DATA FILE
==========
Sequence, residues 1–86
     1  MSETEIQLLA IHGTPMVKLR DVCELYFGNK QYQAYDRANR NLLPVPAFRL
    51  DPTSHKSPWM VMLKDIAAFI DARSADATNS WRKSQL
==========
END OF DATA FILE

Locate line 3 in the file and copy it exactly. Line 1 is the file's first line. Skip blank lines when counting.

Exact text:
    51  DPTSHKSPWM VMLKDIAAFI DARSADATNS WRKSQL